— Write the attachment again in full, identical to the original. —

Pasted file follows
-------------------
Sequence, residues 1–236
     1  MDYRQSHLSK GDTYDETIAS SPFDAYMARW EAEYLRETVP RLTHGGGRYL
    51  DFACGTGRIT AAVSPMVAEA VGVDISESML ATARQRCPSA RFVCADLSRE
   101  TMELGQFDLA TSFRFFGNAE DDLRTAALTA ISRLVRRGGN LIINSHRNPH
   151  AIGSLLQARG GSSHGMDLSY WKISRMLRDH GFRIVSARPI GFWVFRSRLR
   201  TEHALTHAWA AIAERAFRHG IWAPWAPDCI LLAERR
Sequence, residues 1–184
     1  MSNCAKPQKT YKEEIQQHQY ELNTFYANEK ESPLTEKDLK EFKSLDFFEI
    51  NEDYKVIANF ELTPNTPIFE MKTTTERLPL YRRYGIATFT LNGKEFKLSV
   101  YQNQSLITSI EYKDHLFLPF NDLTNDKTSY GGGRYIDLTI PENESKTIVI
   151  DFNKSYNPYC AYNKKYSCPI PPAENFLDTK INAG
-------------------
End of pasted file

Sequence, residues 1–236
     1  MDYRQSHLSK GDTYDETIAS SPFDAYMARW EAEYLRETVP RLTHGGGRYL
    51  DFACGTGRIT AAVSPMVAEA VGVDISESML ATARQRCPSA RFVCADLSRE
   101  TMELGQFDLA TSFRFFGNAE DDLRTAALTA ISRLVRRGGN LIINSHRNPH
   151  AIGSLLQARG GSSHGMDLSY WKISRMLRDH GFRIVSARPI GFWVFRSRLR
   201  TEHALTHAWA AIAERAFRHG IWAPWAPDCI LLAERR
Sequence, residues 1–184
     1  MSNCAKPQKT YKEEIQQHQY ELNTFYANEK ESPLTEKDLK EFKSLDFFEI
    51  NEDYKVIANF ELTPNTPIFE MKTTTERLPL YRRYGIATFT LNGKEFKLSV
   101  YQNQSLITSI EYKDHLFLPF NDLTNDKTSY GGGRYIDLTI PENESKTIVI
   151  DFNKSYNPYC AYNKKYSCPI PPAENFLDTK INAG